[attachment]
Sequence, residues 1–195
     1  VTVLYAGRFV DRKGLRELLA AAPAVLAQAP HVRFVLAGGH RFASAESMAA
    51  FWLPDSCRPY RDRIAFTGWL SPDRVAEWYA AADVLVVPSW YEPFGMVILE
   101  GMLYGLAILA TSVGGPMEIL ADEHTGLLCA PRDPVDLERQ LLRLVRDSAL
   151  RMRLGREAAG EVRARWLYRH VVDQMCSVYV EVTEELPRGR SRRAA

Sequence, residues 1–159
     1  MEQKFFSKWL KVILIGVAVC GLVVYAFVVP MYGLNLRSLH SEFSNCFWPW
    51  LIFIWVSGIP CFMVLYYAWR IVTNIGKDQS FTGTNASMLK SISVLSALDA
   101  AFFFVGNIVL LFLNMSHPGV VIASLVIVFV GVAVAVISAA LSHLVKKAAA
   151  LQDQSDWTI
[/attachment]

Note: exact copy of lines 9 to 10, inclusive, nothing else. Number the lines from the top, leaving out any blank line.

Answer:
   101  AFFFVGNIVL LFLNMSHPGV VIASLVIVFV GVAVAVISAA LSHLVKKAAA
   151  LQDQSDWTI